By Rich Pollack

    Flo Furino and her husband, Frank, needed to get away from the noise coming from their balcony, as workers chipped away at the concrete.

    Their aging building at the Coronado Ocean Club in Highland Beach — like many other buildings in town — was suffering from the wear and tear of time, and repair efforts were under way.

    “The noise was terrible,” Flo Furino said. “We couldn’t stand it.”

    It turned out the noise was the least of their worries. Shortly after the Furinos left home, a high-pressure cable on the balcony snapped, sending concrete flying through the sliding glass door and throughout the entire home. 

    Fearing for their safety, the Furinos and other residents of the Coronado packed Highland Beach Town Commission chambers last month, hoping for some help in making sure no more accidents occur.

    “Someone could have been killed,” Furino says.

    What the residents discovered, however, is that town officials’ hands are tied when it comes to complaints between homeowners and contractors.

    After listening for more than an hour, Town Attorney Glen Torcivia told commissioners the issue needs to be resolved by the condo association’s board of directors, the contractor it hired and the engineer responsible for oversight.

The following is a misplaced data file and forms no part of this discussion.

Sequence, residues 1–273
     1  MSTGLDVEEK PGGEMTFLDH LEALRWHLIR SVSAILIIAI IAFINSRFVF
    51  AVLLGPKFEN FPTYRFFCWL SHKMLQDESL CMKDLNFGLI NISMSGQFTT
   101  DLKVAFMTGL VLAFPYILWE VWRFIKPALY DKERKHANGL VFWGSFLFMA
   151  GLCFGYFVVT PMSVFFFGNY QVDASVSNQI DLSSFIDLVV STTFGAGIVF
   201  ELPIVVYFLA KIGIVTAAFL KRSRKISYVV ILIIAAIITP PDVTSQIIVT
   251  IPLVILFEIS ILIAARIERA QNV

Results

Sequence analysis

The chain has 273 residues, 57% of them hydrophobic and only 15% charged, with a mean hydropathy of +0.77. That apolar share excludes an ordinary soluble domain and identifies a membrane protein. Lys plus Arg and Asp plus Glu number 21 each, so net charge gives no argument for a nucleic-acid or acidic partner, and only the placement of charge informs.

While the town couldn’t directly help residents, Commissioner Carl Feldman believes there is a benefit to having the issue brought before the commission.

    “We brought it out in the open and facilitated getting the engineer, the manager and the contractor talking to residents,” he said. “Hopefully this situation will help other condominiums that are having the same work done be better prepared.” 

    During the meeting, a representative of the Coronado’s board of directors told commissioners the association is aware of residents’ concerns and is working with all involved to keep residents’ safety the priority while work is being done. 

    Residents and representatives from the association also told commissioners that inspectors from the federal Occupational Safety and Health Administration also had been to the construction site, but a report has not yet been filed.

    In a letter to commissioners and Mayor Bernard Featherman, Flo Furino said she was concerned that the town’s building official, Mike Desorcy, wasn’t more responsive to residents once he was contacted.

    But while residents would like to see the town oversee the job, Desorcy said oversight of such projects falls on the shoulders of the contractor and engineer hired by the condominium association.   

    “We are a review agency,” Desorcy said. “The role of the building inspector is to go out and make sure that work complies with the building codes. At the end of the day, the engineer sends me a certificate of compliance certifying that the work has been done per code and per specifications.”

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